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Sullivans School Hosts Educational Exchange

By Steve Parker
Sullivans School Hosts Educational Exchange

The Sullivans School on board Commander Fleet Activates Yokosuka (CFAY) in Yokosuka, Japan hosted a Special Education Professional Exchange on 26 February. The annual event has happened since 2006, and has afforded quite a unique opportunity to exchange information about special education programs for both American educators at the Sullivans School and local Japanese special education teachers and students.
This opportunity was initiated by Mr. Hiroyasu Yamada, an equipment specialist at CFAY Ship Repair Facility (SRF). Mr. Yamada has been an active proponent of Japanese special education, as he himself is a parent of children with special needs.
This yearly exchange opportunity is possible because of Mr. Yamada’s initiative to be the liaison between the special education department of the Sullivans School and local special educators. When it is the Sullivans teachers’ turn to visit the Japanese schools, he organizes the trip, takes leave, guides and translates for the teachers.
The visitors spent the morning visiting classrooms and programs at the Sullivans School, observing firsthand the different models for special education instruction, including the inclusion model.
Visitors were also shown other support activity programs that are part of the general education system, including English as a Second Language (ESL), Math Support Services (MSS), Language Support Services (LSS), the Foreign Language in Elementary Schools (FLES) program and general education classrooms. The participants spent their afternoon in a question and answer session with Sullivans administration and special educators.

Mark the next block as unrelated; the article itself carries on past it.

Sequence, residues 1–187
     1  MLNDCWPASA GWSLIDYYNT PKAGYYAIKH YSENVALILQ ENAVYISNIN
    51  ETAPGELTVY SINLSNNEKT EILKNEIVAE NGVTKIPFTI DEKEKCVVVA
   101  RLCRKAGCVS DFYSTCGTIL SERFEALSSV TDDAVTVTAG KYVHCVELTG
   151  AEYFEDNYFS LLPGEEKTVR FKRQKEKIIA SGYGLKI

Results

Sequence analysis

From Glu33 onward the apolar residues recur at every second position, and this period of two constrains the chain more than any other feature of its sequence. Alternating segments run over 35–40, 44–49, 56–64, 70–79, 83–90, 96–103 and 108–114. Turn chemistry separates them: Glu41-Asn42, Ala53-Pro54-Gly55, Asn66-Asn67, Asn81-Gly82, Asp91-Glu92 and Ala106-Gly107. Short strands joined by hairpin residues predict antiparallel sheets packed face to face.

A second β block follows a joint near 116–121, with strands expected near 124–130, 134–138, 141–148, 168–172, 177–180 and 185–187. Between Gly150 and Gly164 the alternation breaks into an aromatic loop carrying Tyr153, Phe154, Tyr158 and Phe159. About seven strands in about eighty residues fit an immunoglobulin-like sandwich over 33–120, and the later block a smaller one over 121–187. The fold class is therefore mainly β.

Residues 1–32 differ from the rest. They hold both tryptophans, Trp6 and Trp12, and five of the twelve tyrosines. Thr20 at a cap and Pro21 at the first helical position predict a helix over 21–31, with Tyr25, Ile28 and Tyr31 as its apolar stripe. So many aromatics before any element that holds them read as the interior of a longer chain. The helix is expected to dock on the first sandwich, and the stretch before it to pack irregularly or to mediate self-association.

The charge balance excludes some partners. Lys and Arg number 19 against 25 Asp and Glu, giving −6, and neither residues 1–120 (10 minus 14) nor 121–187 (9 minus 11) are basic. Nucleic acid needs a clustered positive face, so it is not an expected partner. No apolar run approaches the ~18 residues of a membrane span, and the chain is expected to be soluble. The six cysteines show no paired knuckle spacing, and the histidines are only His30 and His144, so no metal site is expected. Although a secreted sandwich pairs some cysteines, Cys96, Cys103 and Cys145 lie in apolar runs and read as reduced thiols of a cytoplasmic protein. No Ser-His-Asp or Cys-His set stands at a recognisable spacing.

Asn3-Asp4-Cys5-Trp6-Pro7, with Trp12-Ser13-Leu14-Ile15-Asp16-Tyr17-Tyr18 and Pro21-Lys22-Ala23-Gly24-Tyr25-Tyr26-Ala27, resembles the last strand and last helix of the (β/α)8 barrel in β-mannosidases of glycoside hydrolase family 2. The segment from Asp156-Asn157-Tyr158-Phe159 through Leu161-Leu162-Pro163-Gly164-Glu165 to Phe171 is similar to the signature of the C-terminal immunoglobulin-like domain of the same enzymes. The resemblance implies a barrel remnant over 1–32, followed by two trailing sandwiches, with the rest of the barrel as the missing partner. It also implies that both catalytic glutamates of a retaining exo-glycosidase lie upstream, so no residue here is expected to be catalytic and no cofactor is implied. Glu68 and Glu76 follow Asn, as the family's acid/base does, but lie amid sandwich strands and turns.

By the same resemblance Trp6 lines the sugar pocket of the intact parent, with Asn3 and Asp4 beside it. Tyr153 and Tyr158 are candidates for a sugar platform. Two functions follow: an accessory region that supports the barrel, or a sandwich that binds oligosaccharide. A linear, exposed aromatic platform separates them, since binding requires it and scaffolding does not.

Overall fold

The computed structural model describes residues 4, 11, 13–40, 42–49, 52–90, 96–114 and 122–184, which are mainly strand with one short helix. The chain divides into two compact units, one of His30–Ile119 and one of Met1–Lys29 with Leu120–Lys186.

This year, Mr. Junichi Tamura, a professor at Teikyo University, brought his university students, along with other local special education teachers. Teikyo University is a prestigious private university headquartered in the Itabashi ward of Tokyo, Japan.
Prof. Tamura expressed gratitude at the opportunity to observe the application of these programs without the expense of an overseas trip.
Victoria Araki, Sullivans School Speech Language Pathologist, organized the event for the Sullivans. She stated, “We look forward to learning about the special education programs of our host country.
“Some of our students transfer from Japanese schools and sometimes, if a family loses sponsorship, they must consider sending their children to Japanese schools and receiving special education services that are quite different from our school system. We also need to be familiar with the customs of the local community in order to embrace diversity in our school.”
DoDEA Pacific provides a comprehensive pre-K through 12 education to the children of military and eligible civilian personnel families serving throughout Asia. The 50 schools in DoDEA Pacific are composed of more than 23,500 students and 3,400 professional educators and support staff. The Sullivans School is the largest school in DoDEA, with a student body of approximately 1,200 in Grades K-5.

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